7. The Bishop’s comment that Pope Francis’ ministry is in discontinuity with/from Pope Benedict is a swipe at Pope Benedict, however, if the twit thought things through he would recognize heis not making things any easier etc for Pope Francis. Of course Pope Francis is different from Pope Benedict; Benedict was from JPII and certainly JPII was different from Paul VI, but discontinuity? No I don’t buy it.

    If I may offer one way of seeing our most recent popes: there are three transcendentals: ways in which God reveals Himself and which also can become the way to God [always through Christ and the Church]. The transcendentals are: the true, the beautiful and the good. I would offer this ‘analogy’:

    Pope Blessed John Paul II’s charism/emphasis was on “the True”

    Pope Benedict’s charism/emphasis was on “The Beautiful”

    Pope Francis’ charism/emphasis (seems to be [it is still early]): “The Good”

    Certainly Blessed John Paul cared about etc., the good and the beautiful but his emphasis was on “the True’. The same can be said of Pope Benedict and Francis.

    I offer these as only a means of ‘seeing’ the richness of each of the popes as well as all three of them.

  8. David Wood,

    Pope John Paul II went to Nicaragua in 1984, after the Sandinistas had seized power. There was a Catholic priest who was working for the Sandinista government. JPII met him in a receiving line and publicly admonished the priest for serving as a bureaucrat for the Ortega dictatorship.

    Today, Pope Francis named a number of new cardinals, of which most are from Third World countries. The AP story I read is that he did so in order for the church to pay more attention to the poor.

    We will continue to hear most about the poor of the world from this pontificate. There will continue to be backhanded slaps at capitalism and traditional Catholicism.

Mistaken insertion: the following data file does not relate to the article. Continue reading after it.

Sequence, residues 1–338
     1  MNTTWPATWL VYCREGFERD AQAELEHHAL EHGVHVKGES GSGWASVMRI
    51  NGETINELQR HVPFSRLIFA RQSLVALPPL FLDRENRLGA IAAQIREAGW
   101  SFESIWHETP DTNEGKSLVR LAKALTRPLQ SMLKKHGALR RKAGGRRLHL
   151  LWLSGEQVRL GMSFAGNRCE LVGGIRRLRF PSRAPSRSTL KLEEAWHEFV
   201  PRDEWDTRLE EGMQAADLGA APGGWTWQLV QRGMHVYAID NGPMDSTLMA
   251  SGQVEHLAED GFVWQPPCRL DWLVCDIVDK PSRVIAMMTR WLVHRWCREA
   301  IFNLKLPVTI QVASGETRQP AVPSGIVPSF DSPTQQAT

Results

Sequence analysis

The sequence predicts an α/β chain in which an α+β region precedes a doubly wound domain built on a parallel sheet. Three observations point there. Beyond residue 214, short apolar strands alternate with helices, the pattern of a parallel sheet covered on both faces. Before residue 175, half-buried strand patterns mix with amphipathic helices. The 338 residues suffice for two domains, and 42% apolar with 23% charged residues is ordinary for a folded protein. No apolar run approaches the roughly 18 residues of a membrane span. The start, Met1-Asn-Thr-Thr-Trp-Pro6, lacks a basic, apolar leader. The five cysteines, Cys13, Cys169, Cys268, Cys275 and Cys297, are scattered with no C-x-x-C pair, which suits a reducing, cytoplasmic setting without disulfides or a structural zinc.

Pope Francis is likely unaware of the trillions of dollars spent by the US Government in various anti poverty programs since the Great Society in this country alone and just as likely unaware that they have not solved the problem of poverty. If he was aware, I doubt he would care.

    During this pontificate, we will hear almost exclusively from Pope Francis about the poor of the world. I do not make light of the terrible poverty that so many face every day. My wife taught English lessons in some of the poorest neighborhoods in Cali, Colombia. The mother of one of her students made a chicken dinner and invited my wife. She did not know that they kept that chicken for eggs and had no money to buy another chicken. What annoys me is that most poor people are the victims of corrupt governments who squander foreign aid and treat their own citizens like garbage while favoring themselves in power and their cronies.

    On the aspects of proper liturgical worship and the deep spiritual poverty of the Western World, we will hear almost nothing and this inaction will be taken by the likes of the National Schismatic Fishwrap (kudos to the great Fr. Z) and their fellow travelers as an endorsement of their worldview.

  9. Penguins Fan,

    You may not be aware that Blessed Pope John Paul publicly admonished the priest because he was remaining in public (political) office despite the fact he was told by his superiors to step down in accordance with (at that time the new) Code of Canon Law. Any priest at the time in public office needed to step down, and no priest from that time forward could enter into public office.

  10. It is shocking the way in which, with carelessness, you have treated a person that you do not even know. However, what has the Bishop dal Covolo really said on the island of Guam?
    First video, minute 6.53

    “Pope Francis wants to bring people back on the right scale of values, as Pope Benedict had done in His great teaching”.
    Second video, minute 1.32
    Firstly, it is important to clarify some things:
    1) The translator says: “Previous Pontificates” and not “Previous Pontificate”, thus the Bishop is talking about the earlier Popes. I do not know whether or not it is grammatically correct, but it is clear that the interpreter, who is certainly not a native English speaker, is aiming on purpose for this incorrect translation.
    2) Moreover, it is very difficult to understand what the Bishop has really said since at the moment of the interview the translator does not interpret correctly what dal Covolo is actually saying.
    3) If we suppose that the Bishop dal Covolo has actually used the word “Discontinuità”, it is clear that he is speaking of a diversity of personality, style and speech.
    Finally, it is appalling the way in which you have judged a person by only using a very short and not entirely clear interview.